Some 900 Dutch citizens have banded together and filled a lawsuit against the Dutch government over human rights, citing the latter’s lack of decisive action against climate change. This is the first such case in Europe where a group of citizens holds its government responsible for ineffective climate policy, and also the first to be based on human rights law.
Strange weather in the East Coast and California’s worst drought in history have been linked to a peculiar warm mass of water out in the Pacific Ocean. A new study published in the Geophysical Research Letters explain its origins and how its warm waters also warmed surface temperatures out in the coast, and displaced marine life, a major concern at the moment. Worth noting that research thus far suggests that ‘warm blob’, as it’s been dubbed, has been primarily attributed to natural variability, and not global warming.
A “massive methane hotspot” sounds pretty bad… and bad it is – much worse than previously thought. In 2014, NASA reported that the methane hotspot is responsible for producing the largest concentration of the greenhouse gas methane seen over the United States – more than triple the standard ground-based estimate. But the methane, a potent greenhouse gas, might have even more drastic consequences on the climate of our planet.
Marine life is on the brink of experiencing its sixth mass extinction, a disruption that is expected to occur very rapidly once the gears are set in motion (cataclysmic chain events). Now, a new study suggests that it might take a full millennium for marine life to recover from a potential climate change-driven die off, not hundreds as previously suggested.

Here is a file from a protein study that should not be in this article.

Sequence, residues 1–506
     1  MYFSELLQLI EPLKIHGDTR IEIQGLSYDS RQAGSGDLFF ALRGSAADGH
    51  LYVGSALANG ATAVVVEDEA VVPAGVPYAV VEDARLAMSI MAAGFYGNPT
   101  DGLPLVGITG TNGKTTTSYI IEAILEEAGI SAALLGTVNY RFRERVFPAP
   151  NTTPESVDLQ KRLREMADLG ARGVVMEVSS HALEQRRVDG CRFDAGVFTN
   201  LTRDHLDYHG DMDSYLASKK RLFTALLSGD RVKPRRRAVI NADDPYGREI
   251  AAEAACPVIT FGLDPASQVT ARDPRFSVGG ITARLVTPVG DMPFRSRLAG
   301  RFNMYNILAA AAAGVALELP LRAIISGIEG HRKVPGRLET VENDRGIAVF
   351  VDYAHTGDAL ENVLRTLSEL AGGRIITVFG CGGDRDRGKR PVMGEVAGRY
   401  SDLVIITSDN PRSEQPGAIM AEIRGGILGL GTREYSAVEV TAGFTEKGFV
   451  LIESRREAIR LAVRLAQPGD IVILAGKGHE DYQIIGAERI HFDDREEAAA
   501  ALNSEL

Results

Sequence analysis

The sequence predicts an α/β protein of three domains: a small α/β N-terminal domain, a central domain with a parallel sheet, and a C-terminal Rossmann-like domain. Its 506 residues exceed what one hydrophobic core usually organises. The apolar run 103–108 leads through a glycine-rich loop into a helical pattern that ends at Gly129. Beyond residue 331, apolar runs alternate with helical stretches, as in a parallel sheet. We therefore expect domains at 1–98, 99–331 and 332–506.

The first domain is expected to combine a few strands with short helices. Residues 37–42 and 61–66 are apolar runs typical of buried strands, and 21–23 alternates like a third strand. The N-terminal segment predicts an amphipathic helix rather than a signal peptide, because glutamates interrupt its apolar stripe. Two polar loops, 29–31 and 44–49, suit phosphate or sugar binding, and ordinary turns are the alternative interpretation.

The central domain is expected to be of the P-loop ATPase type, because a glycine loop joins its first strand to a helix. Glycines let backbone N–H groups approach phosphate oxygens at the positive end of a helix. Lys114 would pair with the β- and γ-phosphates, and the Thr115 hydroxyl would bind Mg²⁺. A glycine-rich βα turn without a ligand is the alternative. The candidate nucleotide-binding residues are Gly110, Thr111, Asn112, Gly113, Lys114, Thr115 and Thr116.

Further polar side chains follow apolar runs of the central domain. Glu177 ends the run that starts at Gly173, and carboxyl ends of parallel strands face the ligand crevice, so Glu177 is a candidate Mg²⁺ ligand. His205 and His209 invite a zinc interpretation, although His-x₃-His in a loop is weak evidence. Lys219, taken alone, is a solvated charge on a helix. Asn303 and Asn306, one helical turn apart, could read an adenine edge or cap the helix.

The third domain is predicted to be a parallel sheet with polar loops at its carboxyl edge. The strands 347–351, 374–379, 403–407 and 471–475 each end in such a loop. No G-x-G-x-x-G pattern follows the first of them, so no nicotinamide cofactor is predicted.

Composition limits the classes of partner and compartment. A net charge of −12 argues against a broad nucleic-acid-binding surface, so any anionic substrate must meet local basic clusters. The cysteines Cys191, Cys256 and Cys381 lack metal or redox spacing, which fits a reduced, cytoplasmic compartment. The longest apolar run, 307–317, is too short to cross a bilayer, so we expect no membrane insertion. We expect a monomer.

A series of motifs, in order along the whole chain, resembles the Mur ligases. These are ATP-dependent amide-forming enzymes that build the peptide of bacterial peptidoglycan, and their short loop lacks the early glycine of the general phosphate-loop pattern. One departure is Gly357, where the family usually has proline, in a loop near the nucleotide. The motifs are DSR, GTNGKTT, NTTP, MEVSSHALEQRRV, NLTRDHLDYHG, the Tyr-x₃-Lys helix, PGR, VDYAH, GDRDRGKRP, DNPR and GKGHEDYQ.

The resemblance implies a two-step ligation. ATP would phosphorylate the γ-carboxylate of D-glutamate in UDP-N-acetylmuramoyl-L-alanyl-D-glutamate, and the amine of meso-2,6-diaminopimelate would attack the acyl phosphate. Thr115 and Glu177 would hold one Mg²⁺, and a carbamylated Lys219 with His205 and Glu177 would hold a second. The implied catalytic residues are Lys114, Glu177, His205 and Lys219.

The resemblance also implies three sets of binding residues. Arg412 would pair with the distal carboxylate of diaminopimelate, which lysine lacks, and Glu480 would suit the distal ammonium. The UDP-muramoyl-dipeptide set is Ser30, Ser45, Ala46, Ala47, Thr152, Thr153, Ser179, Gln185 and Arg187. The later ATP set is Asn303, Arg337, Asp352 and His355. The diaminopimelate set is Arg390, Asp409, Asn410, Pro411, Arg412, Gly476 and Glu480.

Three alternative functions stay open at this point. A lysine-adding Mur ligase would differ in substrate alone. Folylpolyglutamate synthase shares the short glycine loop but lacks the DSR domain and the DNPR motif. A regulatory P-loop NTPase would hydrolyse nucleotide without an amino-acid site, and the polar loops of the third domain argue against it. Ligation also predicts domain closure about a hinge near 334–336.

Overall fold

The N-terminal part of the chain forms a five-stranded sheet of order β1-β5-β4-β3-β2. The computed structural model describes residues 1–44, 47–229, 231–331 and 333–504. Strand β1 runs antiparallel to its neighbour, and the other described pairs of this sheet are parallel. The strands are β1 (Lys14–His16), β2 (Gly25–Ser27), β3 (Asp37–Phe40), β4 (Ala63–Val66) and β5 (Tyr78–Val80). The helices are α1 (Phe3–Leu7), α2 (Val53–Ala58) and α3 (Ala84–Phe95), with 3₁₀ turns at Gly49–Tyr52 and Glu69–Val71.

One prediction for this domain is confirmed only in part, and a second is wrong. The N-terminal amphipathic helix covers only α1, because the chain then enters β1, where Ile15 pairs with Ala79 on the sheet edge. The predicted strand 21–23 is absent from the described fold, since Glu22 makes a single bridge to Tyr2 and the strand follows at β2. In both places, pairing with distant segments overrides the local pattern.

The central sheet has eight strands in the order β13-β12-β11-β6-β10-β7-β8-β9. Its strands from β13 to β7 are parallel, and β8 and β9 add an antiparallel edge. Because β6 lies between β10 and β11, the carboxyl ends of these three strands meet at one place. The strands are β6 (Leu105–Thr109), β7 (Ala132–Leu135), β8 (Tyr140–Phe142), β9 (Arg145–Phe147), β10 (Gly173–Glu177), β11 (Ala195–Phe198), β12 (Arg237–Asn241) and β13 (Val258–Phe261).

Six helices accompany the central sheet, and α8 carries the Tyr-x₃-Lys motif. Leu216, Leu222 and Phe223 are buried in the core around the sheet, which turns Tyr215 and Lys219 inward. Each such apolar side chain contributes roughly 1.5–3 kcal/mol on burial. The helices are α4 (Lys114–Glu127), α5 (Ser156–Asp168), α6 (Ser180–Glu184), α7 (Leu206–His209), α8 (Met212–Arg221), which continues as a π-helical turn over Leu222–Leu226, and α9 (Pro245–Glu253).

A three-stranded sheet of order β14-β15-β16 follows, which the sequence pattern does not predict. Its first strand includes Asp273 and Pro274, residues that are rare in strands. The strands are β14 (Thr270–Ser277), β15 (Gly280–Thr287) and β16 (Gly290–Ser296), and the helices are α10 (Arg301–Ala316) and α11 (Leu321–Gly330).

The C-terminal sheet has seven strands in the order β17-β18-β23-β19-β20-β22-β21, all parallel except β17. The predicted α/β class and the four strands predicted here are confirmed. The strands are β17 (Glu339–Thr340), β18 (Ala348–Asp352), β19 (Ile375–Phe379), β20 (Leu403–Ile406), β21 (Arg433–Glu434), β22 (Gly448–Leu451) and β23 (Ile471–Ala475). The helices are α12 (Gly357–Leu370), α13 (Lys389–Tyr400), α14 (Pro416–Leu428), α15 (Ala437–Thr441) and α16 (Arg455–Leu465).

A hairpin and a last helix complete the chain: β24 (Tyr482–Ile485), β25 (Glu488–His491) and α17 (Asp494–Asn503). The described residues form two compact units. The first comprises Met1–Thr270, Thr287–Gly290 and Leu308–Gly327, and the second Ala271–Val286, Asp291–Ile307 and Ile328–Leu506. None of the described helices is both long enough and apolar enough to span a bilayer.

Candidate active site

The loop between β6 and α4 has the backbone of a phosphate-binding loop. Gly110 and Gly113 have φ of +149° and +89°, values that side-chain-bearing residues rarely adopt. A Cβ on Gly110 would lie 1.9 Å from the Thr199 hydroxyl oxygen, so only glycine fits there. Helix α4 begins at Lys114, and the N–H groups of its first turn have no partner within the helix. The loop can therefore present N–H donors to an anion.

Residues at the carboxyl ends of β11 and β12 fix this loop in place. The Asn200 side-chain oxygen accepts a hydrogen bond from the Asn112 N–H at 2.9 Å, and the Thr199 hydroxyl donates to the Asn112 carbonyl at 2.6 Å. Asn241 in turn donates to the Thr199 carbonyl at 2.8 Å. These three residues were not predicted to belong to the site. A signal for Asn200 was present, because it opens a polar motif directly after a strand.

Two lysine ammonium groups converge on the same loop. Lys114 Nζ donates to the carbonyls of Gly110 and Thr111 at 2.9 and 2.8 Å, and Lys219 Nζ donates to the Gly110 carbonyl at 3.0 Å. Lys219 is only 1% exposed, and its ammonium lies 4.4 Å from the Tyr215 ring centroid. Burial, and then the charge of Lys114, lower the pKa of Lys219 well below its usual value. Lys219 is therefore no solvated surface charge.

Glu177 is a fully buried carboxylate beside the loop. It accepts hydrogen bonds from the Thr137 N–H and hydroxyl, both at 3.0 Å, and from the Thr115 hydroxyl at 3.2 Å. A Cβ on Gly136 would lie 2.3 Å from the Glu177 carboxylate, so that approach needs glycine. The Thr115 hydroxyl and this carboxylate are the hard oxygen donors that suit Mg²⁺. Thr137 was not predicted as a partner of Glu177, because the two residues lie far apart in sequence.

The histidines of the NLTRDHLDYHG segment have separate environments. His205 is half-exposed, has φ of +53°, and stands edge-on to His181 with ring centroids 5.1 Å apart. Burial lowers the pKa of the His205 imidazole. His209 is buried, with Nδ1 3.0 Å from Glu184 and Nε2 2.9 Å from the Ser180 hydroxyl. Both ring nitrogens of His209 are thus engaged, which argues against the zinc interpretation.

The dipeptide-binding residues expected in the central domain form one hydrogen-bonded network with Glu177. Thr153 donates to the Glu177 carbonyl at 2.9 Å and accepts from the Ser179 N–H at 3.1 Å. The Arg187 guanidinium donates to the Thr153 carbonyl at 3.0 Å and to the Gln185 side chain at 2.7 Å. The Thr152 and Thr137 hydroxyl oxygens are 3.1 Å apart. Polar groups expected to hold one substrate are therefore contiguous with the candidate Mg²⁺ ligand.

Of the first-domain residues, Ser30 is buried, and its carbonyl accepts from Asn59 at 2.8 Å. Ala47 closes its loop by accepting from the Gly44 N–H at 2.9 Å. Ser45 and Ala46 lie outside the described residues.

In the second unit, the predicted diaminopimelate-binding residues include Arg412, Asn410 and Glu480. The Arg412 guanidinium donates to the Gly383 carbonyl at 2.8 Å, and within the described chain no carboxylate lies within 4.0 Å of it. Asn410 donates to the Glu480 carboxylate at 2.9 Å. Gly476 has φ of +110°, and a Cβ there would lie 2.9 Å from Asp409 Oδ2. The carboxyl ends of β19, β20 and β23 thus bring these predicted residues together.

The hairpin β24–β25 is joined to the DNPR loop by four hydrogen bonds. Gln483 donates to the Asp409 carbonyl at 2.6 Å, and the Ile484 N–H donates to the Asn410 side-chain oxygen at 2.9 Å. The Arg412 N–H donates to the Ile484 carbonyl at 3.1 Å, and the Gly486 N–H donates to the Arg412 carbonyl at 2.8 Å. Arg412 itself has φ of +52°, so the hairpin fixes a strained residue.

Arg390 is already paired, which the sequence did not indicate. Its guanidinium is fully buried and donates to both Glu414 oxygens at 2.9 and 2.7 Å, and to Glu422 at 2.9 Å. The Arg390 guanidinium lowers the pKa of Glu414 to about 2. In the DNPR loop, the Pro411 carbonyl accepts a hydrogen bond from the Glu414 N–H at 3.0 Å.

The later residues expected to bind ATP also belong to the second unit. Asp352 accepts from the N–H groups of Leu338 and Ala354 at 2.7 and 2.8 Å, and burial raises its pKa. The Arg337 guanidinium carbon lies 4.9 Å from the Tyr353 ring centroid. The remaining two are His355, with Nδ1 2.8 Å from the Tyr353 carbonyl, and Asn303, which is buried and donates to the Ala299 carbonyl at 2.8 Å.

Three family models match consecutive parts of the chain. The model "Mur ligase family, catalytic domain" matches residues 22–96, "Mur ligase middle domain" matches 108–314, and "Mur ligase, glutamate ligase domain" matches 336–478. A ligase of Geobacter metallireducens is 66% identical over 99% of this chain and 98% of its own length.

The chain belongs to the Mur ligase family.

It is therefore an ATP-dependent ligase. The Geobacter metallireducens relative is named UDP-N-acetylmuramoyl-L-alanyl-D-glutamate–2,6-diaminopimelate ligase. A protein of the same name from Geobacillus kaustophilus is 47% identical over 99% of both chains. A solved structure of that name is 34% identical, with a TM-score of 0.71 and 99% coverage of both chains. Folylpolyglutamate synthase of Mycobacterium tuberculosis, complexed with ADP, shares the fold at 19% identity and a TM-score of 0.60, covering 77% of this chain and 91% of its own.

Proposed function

Repeat photography (or rephotography) is a technique in which photographs are taken repeatedly at a site to see how it evolves. It’s especially useful for glaciers, particularly because other remote ways of estimating glacial mass, depth, and rate of retreat are imperfect. These photos depict how this technique was used at a number of locations in Alaska. Here, we see
Spring officially began in the northern hemisphere Friday on 22:45 GMT, around 30 seconds later than last year. As it so happens, every year spring gets shorter by 30 seconds to a minute, losing the time to summer which gets longer by the same amount. Whose to blame for the later bloom? Why, that wretched tilted axis of course.
The conservative Canadian government headed by Prime Minister Stephen Harper has consistently moved the country away from sustainable practices and environmental accountability. In 2011, the government came under fire after it withdrew Canada from the Kyoto protocol, an international agreement which commits its parties by setting internationally binding emission reduction targets. It also disbanded the National Round Table on the Environment and the Economy in 2012, a panel tasked with reporting to the government Canada’s greenhouse gas emissions. While the government has also taken some measures aimed at curbing emissions, these have been largely insufficient. Disappointed, 71 Canadian scientists have authored their own climate policy recommendations for the nation.
Leading climate change denier U.S. Senator Ted Cruz (R-TX) has had enough of NASA studying our planet: he wants NASA to devote its attention only to space and inspiring children… somehow, without studying our own planet. He even went as far as saying that earth sciences are not “hard sciences”, which should be NASA’s main aim. An attack on science
Researchers from NASA, Imperial College in London and Texas University have discovered two seafloor troughs that allow warm ocean water to infiltrate and accentuate the melting of Totten Glacier, East Antarctica’s largest glacier. This could have massive implications not only for the Antarctica ice, but for global sea levels.
The Pacific island nation of Vanuatu has lost years of development progress following the devastating effects of Cyclone Pam. Widely regarded as the worst natural disaster in the history of Vanuatu, the cyclone’s damage has not yet been thoroughly estimated.